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I've found a great similarity between the two words and their meanings. "Barary" براري in Arabic is the plural form of "Barr-īyah" بَرِّيَّة, from the word "Barr" meaning land, with the nisbah suffix -īyah, which means pertaining to land, and its plural form was used a lot in Classical Arabic meaning vast lands -very close to the meaning in English.-

I've searched the online etymology dictionary for prairie and this is what I found:

"tract of level or undulating grassland in North America, by 1773, from French prairie "meadow, grassland," from Old French praerie "meadow, pastureland" (12c.), from Vulgar Latin *prataria, from Latin pratum "meadow," originally "a hollow." The word existed in Middle English as prayere, but was lost and reborrowed to describe the American plains. Prairie dog is attested from 1774; prairie schooner "immigrant's wagon" is from 1841. Illinois has been the Prairie State since at least 1861. In Latin, Neptunia prata was poetic for "the sea."

But I wonder, isn't what I mention worth thinking?

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    No. You need more than one word; you need hundreds of such words, all with the same /bar/ --> /pr/ change, and no contradictions (like /bar/ --> /bar/, or /bar/ --> [something else altogether]). Without trying hard, it's easy to find 3 or 4 pairs of words in any pair of languages that mean something similar and sound something similar. But to establish a "derived from" relation, you need lots more evidence. – jlawler Feb 13 '14 at 23:20
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    No. The first recorded use of English 'prairie' is the 16 century (OED), clearly a French borrowing 'prairie,' the latter going back to Old French 'praierie' (12th century), clearly going back to Latin pratum, of disputed etymology. Why - and most importantly, HOW (time-wise)- could ancient Romans have borrowed (roughly 7th century BC - 5th AD) this word from the Arabs (6th century AD - Classical Arabic)? – Alex B. Feb 14 '14 at 0:37
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    Of course, “prairie” does not come from barriyya; it has a clear-cut French/Latin etymology. On the other hand, I would like to remind our friend Alex B. that there are a reasonable number of Semitic loanwords in Greek and in Latin, many of which have Arabic cognates, that Ancient North Arabian (the ancestor of classical Arabic) is attested in inscriptions going back at least to the 4th century BC, and that the Romans did have a maritime and military presence in the Red Sea. So your chronological and geographical objections do not real hold water. – fdb Feb 14 '14 at 1:30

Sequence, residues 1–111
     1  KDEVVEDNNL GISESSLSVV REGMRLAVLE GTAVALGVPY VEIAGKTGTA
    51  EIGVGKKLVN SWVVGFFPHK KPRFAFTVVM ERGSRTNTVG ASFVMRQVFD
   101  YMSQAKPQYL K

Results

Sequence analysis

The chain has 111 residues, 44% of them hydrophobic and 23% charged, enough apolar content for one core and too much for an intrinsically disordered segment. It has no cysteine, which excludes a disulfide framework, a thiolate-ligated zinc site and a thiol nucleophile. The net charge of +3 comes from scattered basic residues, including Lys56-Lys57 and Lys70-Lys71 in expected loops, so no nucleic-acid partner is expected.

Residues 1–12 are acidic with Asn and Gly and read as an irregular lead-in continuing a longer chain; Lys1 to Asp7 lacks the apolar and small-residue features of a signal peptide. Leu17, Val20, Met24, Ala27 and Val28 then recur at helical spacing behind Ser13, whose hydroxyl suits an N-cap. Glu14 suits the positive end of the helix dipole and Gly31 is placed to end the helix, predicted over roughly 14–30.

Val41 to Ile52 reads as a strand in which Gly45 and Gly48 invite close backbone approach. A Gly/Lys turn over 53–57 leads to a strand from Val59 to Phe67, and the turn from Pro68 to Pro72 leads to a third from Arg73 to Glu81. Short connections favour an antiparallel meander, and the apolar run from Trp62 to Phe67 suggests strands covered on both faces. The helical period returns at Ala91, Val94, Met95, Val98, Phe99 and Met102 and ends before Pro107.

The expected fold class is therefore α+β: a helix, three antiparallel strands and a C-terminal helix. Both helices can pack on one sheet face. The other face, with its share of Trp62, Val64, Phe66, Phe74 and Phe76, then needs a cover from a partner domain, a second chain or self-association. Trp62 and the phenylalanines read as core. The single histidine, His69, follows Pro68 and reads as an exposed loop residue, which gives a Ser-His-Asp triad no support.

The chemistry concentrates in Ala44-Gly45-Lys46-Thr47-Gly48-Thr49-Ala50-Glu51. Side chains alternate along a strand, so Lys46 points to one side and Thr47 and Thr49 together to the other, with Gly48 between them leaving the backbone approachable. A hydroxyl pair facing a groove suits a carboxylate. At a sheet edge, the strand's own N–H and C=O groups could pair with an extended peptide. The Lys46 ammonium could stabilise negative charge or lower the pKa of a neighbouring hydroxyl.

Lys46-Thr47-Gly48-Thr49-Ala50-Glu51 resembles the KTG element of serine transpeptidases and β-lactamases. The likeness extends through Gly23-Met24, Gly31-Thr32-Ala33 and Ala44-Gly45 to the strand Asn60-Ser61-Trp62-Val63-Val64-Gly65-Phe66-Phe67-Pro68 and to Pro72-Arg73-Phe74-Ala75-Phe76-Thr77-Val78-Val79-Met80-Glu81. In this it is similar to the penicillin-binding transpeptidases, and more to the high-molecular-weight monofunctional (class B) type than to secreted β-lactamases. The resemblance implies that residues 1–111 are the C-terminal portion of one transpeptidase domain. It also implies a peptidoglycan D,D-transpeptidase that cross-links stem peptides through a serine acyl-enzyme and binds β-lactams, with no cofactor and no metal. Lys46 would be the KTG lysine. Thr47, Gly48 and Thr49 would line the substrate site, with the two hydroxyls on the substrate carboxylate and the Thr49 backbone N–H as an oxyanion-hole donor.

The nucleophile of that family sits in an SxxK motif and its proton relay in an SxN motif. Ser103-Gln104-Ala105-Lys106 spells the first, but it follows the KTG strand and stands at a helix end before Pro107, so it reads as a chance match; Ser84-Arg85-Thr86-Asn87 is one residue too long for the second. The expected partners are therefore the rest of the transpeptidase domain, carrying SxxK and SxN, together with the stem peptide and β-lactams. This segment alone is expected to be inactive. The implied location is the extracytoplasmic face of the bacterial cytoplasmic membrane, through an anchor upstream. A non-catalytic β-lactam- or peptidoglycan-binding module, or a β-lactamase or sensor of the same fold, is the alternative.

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    But I repeat: there is no reason to think that “prairie” comes from Arabic. – fdb Feb 14 '14 at 1:31
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    @fdb, I was unaware of Ancient North Arabian. Thanks for the friendly reminder! – Alex B. Feb 14 '14 at 2:12
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The information in prairie is vast grassland as it is found in USA. I doubt that such vast grasslands existed in Arabian countries. You should check your Arabian word whether it contains the information grass. Vast land is not enough, the Sahara is a vast land too, but no one would take such a word as a name for grassland.

It is highly improbable that settlers in the New World looked into the Arabian language to get a new word for the vast grassland they found in Lousiana, especiallly as the French word la praerie for meadow was around.

I've just looked up Arabic barari and the translation is praerie, for me that looks more like a borrowing from the Vulgar Latin *prataria or a coinage from this form. You shoud check the etymology of barari and how old this word is. Simple affirmations about word histories are useless. And normally short words from one language don't become longer in the other language.

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    It does make more sense that the borrowing went the other way! – curiousdannii Jun 7 '14 at 6:43
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    While I agree completely with your conclusion, your first paragraph is not relevant to the argument. There are many examples of loanwords that mean something rather different in the target language from their meaning in the original language. I can certainly imagine a word meaning land being borrowed into another language meaning a particular type of terrain; and if the historical circumstances of the loan were appropriate, meaning a kind of terrain which was not even familiar to the speakers of the original language. – Colin Fine Jun 30 '14 at 20:51
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The resemblance between "Barary" and " Prairie" is striking and there is no wrong in European languages borrowing words from Arabic. It happened in so many other words, also in English like "admiral", "alchemy", "algebra", " cotton",...etc. But in the case of the word "prairie", I think we should dig deeper since there is a word from Latin origin- "partum" -which means meadows, that may have been reformed and coined centuries later and became the current "prairie" we know now.

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    I don't find it particularly striking. – Colin Fine Jan 3 '19 at 20:22

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